This is a question I get often. "What is the best food to eat for breakfast?". I understand that it can get super confusing with all the contradicting information out there. The thing is breakfast, as much as I love it, is a little overrated. Yep, that's right! I don't see breakfast as "the most important meal of the day". I see breakfast as any other meal. I also don't see why breakfast should be forced on you if you are not hungry. I try to tell people to follow their hunger cues and eat when they are hungry, and many people just aren't hungry when they wake up. Then don't eat! That's my honest and simple response. It is beneficial to give your body a break from eating occasionally and a fast from dinner to breakfast is kind of a light fast. If you can hold off even longer without food, that's okay too. I won't get into the fasting subject as that is a different post altogether but what I’m saying is eat if you are hungry. If you do decide to eat breakfast, then I do suggest that it be a meal with mostly protein and fat. The reason for this is that if you start your day with with sugary cereal and high processed carb foods makes blood sugar levels go up, insulin is then produced to carry that sugar in your cells for energy and then you find yourself with low blood sugar again and thee viscous cycle starts again. The long-term effects of this is insulin resistance which is when your cells stop reacting to the insulin, so your blood sugar always stays high and that can cause many metabolic issues like diabetes and heart disease. This will also leave you hungry, tired and raging with cravings all day. On the other hand, starting your day with more protein and fat will keep your blood sugar in check, give your more energy, help you burn more fat and likely help with cravings throughout the day. I want to explain as well that there are no "breakfast foods". Food is food, it should not be labelled as such because it adds even more pressure and confusion. Here are some easy recipes that you can try fr breakfast or any time of the day.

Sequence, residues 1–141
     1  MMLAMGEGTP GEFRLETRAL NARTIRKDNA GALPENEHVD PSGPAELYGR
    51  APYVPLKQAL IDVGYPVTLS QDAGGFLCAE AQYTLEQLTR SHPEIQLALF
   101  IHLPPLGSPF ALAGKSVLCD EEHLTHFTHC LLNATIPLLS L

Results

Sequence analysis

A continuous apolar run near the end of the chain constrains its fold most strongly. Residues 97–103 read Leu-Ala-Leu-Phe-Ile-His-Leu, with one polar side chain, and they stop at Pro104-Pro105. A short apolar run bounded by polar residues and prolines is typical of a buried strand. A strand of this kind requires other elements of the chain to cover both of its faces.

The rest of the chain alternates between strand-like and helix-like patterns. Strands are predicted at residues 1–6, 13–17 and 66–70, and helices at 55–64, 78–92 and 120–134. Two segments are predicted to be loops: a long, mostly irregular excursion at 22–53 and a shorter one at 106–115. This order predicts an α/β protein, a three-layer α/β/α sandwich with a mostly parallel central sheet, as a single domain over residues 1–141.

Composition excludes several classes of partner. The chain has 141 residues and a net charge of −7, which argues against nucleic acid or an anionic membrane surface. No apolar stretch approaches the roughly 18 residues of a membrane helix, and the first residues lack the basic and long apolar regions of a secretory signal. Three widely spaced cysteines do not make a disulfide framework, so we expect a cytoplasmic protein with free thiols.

Can be found under "recipes"
Eggs with vegetables cooked in coconut oil
Avocado spread with egg
Turkey patties with avo spread
Grain free porridge